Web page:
Robin Williams died on my son’s due date.
I loved this guy. I loved his work. I went through the stages of grief when I found out – starting with disbelief, of course. I was (and still am) so sad that depression took this very talented human being from us.
After Robin’s death, in watching all the memorials on the news and daytime TV, and in seeing all the clips strung together on Facebook, I started counting all of his movies that touched me, that I grew up with. It’s a lot. His movies were so emotional; I’ve long known that his were the ones I went to when I needed to tweak my mood – which usually meant inducing tears and reconfirming my faith in the human spirit.
In going through my movie collection, I realized I didn’t own one of my absolute favorite Robin Williams movies – Hook – so I bought it and ended up watching it soon after my son was born.
I absolutely adore the story of Peter Pan. There isn’t a more fabulous story that captures the sheer joy and adventure it is to be young and to remind us that we can always go back to Neverland in our hearts (second star to the right and straight on til morning) whenever we want.
In re-watching Hook, I was prepared to feel that joy and excitement that comes with the story, and I was also prepared to feel sad that the person I was watching who was once so full of life and youthful glee was now gone.
What I wasn’t prepared for was my new reaction to the story now that I am a parent.
Remember the scene where Captain Hook starts teaching Pan’s kids about how parents hate their children? He very eloquently describes how kids’ whining and demands (“He took my toy! She hit my bear! I want a potty! I want a cookie! I want to stay up! I want, I want, I want, me, me, me, me, mine, mine, mine, mine, now, now, now, now…”) drive their parents crazy. Maggie (fun fact – it was her character I played on the playground with my friends when this movie first came out) points out that her parents read to her, “because they love me very much!” And Hook retorts back that parents read to their children to shut them up.
In to end the lesson, Hook gave Maggie an F (to which she freaks out…probably why I was suited to play her character) and then declared that her parents were happier before she was born.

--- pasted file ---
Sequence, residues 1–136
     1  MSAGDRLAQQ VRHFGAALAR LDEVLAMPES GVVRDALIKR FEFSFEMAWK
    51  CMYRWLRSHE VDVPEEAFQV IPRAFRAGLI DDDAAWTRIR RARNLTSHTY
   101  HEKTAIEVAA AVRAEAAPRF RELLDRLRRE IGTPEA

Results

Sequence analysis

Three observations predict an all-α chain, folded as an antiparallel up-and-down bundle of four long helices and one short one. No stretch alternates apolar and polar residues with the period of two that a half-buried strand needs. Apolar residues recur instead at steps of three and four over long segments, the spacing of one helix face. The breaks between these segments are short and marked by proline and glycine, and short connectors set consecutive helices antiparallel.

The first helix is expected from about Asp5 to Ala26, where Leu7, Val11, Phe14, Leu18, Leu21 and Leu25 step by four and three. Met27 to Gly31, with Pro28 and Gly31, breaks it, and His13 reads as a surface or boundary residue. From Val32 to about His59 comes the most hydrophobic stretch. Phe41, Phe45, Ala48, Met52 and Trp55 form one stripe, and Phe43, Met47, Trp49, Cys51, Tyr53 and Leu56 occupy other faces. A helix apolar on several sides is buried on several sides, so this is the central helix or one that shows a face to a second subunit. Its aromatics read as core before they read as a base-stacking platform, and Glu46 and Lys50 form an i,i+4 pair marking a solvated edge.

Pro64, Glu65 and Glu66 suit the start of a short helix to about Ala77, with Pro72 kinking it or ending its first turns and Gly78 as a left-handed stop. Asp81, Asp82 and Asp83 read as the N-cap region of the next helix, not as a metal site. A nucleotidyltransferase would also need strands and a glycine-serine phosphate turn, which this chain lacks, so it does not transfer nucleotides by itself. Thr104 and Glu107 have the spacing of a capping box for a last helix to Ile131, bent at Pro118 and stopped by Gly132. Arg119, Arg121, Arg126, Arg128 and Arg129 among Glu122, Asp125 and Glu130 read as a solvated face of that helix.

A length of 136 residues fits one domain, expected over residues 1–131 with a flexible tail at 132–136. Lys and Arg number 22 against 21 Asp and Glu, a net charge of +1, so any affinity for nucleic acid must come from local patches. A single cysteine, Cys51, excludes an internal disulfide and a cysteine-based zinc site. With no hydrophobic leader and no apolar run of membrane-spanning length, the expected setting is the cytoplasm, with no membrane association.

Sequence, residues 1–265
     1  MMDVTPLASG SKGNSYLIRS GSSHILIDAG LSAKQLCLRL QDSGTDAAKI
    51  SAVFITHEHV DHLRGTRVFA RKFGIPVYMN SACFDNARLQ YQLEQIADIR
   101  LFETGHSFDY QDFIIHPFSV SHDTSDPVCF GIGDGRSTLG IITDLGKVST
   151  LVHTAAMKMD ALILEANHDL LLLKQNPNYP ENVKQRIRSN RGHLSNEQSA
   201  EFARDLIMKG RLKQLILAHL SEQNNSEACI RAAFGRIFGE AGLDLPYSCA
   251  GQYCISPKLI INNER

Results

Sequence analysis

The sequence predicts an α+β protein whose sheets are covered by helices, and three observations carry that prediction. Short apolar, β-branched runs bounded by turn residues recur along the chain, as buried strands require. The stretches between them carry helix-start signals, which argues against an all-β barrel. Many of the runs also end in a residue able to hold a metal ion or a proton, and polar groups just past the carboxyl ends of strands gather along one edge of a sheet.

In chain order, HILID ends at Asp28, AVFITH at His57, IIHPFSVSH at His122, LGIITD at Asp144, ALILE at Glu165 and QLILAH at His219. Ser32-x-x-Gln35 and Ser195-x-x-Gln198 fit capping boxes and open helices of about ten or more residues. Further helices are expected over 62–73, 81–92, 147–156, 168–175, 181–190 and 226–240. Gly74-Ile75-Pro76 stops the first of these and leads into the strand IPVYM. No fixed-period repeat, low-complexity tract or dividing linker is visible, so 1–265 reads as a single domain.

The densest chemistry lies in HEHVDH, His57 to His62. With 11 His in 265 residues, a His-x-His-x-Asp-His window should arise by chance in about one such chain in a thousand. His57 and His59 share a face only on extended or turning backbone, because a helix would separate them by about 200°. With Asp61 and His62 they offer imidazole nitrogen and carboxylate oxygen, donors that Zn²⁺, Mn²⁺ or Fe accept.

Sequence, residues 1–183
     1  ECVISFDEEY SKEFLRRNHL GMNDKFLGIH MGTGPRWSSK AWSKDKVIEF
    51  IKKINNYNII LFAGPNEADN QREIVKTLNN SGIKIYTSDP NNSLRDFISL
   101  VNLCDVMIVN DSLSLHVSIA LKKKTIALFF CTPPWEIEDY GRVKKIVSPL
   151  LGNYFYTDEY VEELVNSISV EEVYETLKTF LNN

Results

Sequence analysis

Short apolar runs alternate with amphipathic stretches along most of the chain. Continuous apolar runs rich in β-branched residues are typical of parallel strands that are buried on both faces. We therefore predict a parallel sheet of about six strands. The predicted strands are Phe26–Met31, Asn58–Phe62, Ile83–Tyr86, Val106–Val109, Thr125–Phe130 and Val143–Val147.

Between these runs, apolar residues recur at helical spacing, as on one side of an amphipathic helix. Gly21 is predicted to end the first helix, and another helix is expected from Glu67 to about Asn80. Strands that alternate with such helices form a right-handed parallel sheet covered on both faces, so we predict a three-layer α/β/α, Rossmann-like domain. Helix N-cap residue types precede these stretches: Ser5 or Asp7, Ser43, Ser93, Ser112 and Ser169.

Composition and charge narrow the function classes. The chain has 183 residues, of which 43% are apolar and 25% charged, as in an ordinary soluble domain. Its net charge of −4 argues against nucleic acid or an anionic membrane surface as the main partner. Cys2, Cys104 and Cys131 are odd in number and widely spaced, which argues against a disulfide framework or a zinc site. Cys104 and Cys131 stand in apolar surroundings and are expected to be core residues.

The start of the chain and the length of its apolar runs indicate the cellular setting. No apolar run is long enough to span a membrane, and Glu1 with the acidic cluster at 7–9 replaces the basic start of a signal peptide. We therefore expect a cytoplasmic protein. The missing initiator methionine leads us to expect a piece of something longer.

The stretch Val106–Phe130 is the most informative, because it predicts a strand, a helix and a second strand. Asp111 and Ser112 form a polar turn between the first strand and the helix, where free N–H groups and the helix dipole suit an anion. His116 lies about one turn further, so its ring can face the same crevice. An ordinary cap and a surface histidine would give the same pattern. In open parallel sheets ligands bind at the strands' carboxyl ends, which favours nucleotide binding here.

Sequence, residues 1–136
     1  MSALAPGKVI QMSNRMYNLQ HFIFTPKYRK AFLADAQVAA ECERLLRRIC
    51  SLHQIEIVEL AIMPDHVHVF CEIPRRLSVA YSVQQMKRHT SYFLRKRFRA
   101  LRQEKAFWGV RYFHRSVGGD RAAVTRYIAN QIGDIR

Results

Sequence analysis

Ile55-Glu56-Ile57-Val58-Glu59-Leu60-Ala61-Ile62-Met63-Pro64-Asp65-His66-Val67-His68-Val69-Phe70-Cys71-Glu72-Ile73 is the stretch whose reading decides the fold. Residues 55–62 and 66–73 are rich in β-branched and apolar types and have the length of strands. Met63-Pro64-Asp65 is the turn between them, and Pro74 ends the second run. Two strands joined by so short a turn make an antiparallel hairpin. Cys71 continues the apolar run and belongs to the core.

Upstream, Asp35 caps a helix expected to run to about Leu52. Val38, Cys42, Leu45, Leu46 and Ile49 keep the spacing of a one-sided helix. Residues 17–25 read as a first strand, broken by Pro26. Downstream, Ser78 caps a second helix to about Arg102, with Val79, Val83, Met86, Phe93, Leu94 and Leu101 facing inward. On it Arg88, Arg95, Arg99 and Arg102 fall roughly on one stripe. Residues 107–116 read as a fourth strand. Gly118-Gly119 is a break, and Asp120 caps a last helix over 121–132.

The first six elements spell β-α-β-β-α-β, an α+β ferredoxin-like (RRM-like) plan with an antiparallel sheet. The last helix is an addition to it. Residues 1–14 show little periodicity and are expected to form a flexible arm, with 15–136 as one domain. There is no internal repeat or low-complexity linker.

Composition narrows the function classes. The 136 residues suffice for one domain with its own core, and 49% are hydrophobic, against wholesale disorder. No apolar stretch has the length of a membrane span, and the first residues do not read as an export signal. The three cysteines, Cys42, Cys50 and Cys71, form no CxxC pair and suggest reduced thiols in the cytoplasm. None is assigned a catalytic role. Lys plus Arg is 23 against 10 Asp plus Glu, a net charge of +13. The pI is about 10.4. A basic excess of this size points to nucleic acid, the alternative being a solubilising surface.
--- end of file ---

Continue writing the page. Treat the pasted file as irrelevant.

This scene struck a new chord, one that hadn’t been struck before.
Holy shit – Captain Hook was right.
There I was, hopelessly sleep deprived with a wee infant attached to my boob and tears running down my face because I got it – but not the it I was expecting to get. This movie was supposed to remind me how joyful life was! Instinctively I knew I wasn’t supposed to be listening to the words of this dark and sinister man, but for the first time in watching this film, my eyes were opened. The guy had a point. In my very short career as the parent of a newborn, I already knew I’d do things I previously said I’d never do if it meant my kid would sleep. I wished for my old life back on a daily basis. I fought with my husband about nothing and everything. Some days, I was kind of miserable.
I considered growing a beard and joining the crew of the Jolly Roger.
Thankfully, the movie continued and we came to the scene in the Lost Boys’ tree house where Peter was desperately trying to find his happy thought. He picked up his old teddy bear and had a flashback to a hospital room where his wife was handing him his brand new baby son, saying, “Peter, you’re a daddy!”
That was it. This is why I wanted to watch the movie in the first place. He was flying again, and so was I.
I was bedridden for the first 12 hours of Dylan’s life due to some minor complications, so when we were in the recovery room at the hospital, Brian started changing his first diapers and rocking and soothing and being a daddy. It was amazing for me to watch, and it had reminded me of that same hospital scene in Hook. Through tears in my eyes, I shared my thoughts with Brian and my heart was bursting.
Hook really got it right in more ways than I first realized. It fascinates me how quickly and profoundly popping a baby out of me has changed my perspective on the whole world, let alone this movie. Before, I had thought that the story was more about “always being a little boy and having fun,” and now I see this whole new layer about the love (“It’s the L-word, Captain!”) and struggle between parents and their children. Yes, it’s about learning how to stay young, but it’s also about learning how to grow up. And most importantly, it’s about finding (and keeping) that happy thought that keeps us all going.
Well, Dylan is our happy thought. Our poopy, screamy, cuddly little happy thought.
There are so many great lines to quote and parallels to make about this movie and life in general, but the best is at the very end, where I don’t feel like Robin Williams was really having to act much at all.
He said, “To live would be an awfully big adventure.”
Thanks for sharing your talent with all of us, Robin. I am so very glad that you’re not in pain anymore.